Joanna Robinson, a senior writer for Vanity Fair and the host of two big Game of Thrones podcasts, cites the rumor Dinklage accidently spread as an example of a bad theory. During his acceptance speech, he called co-star (and on-screen sibling) Nikolaj Coster-Waldau his “brother from another mother.” For some fans who believe that his character, Tyrion Lannister, is secretly a relative of the dragon queen Daenerys Targaryen, this simple turn of phrase functioned as a sly confirmation.

Problem is, even if there are scattered bits of evidence that could somewhat support that conclusion, this reveal would tear down years of established storytelling for no satisfying reason in the show’s eleventh hour. Tyrion’s complicated relationship with his family, especially his father’s disdain for his son, would be rendered “meaningless,” as Robinson says. A casually discarded end for what had previously been a core pillar of the show’s plot.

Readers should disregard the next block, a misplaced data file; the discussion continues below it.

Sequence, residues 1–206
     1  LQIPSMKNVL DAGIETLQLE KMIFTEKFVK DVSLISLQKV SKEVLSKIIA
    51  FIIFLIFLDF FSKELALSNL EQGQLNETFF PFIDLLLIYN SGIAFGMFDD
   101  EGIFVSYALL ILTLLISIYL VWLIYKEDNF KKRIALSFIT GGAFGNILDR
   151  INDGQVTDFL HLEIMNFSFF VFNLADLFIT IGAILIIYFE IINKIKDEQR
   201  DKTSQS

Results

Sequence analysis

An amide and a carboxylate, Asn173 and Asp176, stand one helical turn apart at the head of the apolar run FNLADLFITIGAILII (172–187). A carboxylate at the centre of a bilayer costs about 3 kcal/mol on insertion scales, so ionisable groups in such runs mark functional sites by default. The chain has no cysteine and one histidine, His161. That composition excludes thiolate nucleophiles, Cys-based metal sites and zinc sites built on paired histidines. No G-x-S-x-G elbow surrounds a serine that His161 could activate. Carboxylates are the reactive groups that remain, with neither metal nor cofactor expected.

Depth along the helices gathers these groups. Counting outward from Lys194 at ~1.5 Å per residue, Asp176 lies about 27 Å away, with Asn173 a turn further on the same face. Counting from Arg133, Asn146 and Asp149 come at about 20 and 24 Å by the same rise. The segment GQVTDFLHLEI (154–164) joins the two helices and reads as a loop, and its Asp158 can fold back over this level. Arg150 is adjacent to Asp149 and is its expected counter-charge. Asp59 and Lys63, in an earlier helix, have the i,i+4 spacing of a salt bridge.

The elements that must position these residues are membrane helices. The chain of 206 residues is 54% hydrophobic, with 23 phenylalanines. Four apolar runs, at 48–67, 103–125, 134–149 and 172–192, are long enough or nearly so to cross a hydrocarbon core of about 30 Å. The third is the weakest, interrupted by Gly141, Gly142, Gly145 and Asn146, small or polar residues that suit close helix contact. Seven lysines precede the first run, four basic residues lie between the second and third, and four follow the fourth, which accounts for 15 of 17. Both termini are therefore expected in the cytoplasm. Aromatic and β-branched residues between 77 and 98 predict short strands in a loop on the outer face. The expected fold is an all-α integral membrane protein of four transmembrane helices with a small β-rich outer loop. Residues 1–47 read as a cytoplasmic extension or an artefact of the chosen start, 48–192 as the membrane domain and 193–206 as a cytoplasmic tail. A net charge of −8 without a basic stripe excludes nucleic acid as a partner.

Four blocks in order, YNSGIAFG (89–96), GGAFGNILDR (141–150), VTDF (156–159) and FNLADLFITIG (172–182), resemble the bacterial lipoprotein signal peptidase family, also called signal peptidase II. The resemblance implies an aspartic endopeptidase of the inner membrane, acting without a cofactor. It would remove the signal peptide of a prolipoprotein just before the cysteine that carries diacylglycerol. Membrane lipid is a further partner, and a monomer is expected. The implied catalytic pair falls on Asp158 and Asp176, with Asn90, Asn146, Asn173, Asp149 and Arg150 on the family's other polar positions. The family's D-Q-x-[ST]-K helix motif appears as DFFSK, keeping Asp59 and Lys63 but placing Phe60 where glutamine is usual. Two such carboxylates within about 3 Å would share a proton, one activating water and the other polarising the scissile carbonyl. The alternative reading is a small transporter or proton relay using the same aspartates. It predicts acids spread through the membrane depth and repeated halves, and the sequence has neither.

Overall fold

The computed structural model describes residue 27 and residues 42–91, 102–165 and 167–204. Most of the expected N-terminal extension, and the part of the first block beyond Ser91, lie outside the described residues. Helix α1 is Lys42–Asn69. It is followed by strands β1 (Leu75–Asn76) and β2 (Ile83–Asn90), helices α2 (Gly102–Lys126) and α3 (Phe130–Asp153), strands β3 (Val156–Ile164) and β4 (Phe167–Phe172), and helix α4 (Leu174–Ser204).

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“You don’t have any sense of how this world reveals twists and turns,” Robinson says of people who propagate this theory.

Robinson, Renfro, and other respected entertainment journalists are, in a sense, fact-checking fan theories before they cover them—with a kind of literary logic. Since showrunners aren’t likely to “confirm” a theory and spoil the plot, traditional reporting tends not to be necessary (another part of the reason these stories a daily content staple), but entertainment journalists check Reddit posts against their knowledge of the fictional world and their understanding of the series’ storytelling styles and tropes.